New emissions regulation will prevent thermal back-up generators from participating in demand-side response (DSR).
Defra laid draft Medium Combustion Plant Directive (MCPD) legislation this week. The legislation will go to Parliamentary Committee next week and will be debated in January.
Back-up means back-up
Guidance issued by the department confirms that back-up generation can run for 50 hours without having to meet strict emissions standards.
However, Defra states unequivocally that back-up generation can only be used as emergency back-up and cannot participate in any kind of balancing service.
The guidance states:
‘Back-up generator’ is defined in the draft regulations as a generator operated for the sole purpose of maintaining power supply at a site during an on-site emergency. This means that back-up generators cannot remain excluded from the regulations if they operate for other purposes, such as the provision of balancing services, even whilst conducting testing.’
Defra clarified in October that generators taking on new balancing services or Capacity Market contracts from 31 October 2017 that remain in force after the end of 2018 will lose transitional arrangement status.
That means generators winning contracts in the forthcoming T-1 and T-4 auctions in January and February must meet the new obligations by December 2018.
Generators that do not enter into new contracts running beyond next year do not have to meet the new requirements until 2025 or 2030, depending whether they are larger or smaller than 5MW (individually or collectively).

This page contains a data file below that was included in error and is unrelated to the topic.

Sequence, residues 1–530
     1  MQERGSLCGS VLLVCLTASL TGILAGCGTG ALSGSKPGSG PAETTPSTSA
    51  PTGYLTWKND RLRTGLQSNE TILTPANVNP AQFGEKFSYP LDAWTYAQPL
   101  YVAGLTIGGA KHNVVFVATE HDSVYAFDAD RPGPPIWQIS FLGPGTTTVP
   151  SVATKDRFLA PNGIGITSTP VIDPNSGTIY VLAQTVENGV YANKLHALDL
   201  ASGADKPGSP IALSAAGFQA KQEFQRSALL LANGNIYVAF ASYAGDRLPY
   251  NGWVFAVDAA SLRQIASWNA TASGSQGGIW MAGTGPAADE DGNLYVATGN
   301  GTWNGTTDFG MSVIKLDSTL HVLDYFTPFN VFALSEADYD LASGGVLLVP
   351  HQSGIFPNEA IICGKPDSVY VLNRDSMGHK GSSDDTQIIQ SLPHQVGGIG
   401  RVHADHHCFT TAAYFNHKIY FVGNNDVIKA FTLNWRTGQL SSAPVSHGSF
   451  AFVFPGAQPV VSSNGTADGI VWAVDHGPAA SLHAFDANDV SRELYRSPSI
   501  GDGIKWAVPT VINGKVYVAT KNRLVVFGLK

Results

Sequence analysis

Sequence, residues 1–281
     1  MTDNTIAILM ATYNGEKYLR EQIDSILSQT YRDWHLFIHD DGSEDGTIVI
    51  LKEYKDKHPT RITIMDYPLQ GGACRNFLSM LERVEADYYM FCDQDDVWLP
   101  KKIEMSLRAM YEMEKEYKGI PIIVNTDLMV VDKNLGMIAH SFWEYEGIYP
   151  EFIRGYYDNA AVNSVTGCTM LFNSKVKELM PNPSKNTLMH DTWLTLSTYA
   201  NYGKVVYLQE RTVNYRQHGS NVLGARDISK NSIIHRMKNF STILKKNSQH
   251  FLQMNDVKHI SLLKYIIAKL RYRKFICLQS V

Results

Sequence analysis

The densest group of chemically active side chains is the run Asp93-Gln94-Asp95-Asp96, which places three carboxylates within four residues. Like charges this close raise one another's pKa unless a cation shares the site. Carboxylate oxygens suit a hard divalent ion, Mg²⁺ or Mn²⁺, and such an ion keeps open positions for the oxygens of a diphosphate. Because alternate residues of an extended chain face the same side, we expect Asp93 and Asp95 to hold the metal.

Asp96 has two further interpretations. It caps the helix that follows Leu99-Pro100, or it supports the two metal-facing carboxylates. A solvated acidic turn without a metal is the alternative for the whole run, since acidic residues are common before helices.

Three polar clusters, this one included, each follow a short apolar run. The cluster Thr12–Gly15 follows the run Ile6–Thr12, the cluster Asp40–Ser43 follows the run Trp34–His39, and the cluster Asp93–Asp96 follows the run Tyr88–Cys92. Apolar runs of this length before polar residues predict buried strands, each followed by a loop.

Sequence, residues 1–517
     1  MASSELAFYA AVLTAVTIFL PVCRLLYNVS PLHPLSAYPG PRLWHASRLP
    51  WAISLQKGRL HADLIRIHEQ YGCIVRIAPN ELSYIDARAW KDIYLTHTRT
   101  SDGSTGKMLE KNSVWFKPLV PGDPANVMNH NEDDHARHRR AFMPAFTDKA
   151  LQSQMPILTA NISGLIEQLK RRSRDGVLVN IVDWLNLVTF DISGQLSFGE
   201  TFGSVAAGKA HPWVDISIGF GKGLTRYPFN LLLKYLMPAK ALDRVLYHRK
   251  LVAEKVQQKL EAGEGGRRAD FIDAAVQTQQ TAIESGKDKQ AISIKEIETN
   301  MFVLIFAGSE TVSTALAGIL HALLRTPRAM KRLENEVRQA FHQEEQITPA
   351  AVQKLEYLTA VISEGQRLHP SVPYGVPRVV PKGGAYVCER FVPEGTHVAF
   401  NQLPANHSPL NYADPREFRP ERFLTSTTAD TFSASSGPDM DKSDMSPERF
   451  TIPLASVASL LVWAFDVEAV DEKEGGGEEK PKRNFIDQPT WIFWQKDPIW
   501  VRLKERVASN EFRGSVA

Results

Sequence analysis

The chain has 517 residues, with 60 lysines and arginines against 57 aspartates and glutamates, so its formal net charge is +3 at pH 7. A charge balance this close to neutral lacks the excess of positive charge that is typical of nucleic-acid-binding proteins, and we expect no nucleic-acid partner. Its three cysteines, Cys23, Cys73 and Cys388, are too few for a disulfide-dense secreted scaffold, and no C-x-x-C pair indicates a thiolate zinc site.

Clean up or drop out
The MCPD covers various emissions, but the challenging aspect, particularly for older generators, is the limit of 190mg/Nm3 for NOx (Nitrogen oxides). Even some gas plant will require abatement technology to meet that threshold.
While there is a year for companies bidding into the Capacity Market or entering into new balancing services agreements to clean up plant, for some the cost to do so may outweigh the potential revenues available.
For those generators left standing, the upshot may well be higher revenues from programmes such as short-term operating reserve (STOR), or its equivalent once National Grid completes its balancing services redesign.
The legislation may force some aggregators and suppliers to look much more seriously at ‘load’ DSR (turning equipment on or off) as opposed to generation.
Historically, the lion’s share of DSR has come from generation.
Estimates for the amount of back-up generation in the UK range from 6GW-20GW, though much of it may well be too old or unreliable to provide DSR, even if engineering and operational staff could be persuaded revenues are worth the risk.
While some aggregators may have to rethink their business models as a result of the legislation, the government says it is determined to improve air quality.
The MCPD applies to plant between 1MW-50MW, either individual units, or aggregated smaller plant.
The Environment Agency is set to publish further guidance for plant operators in the New Year.
See the draft legislation here.
The Energyst will publish a range of views on the impact of the MCPD on demand-side response in the forthcoming December/January print issue. Subscribe here.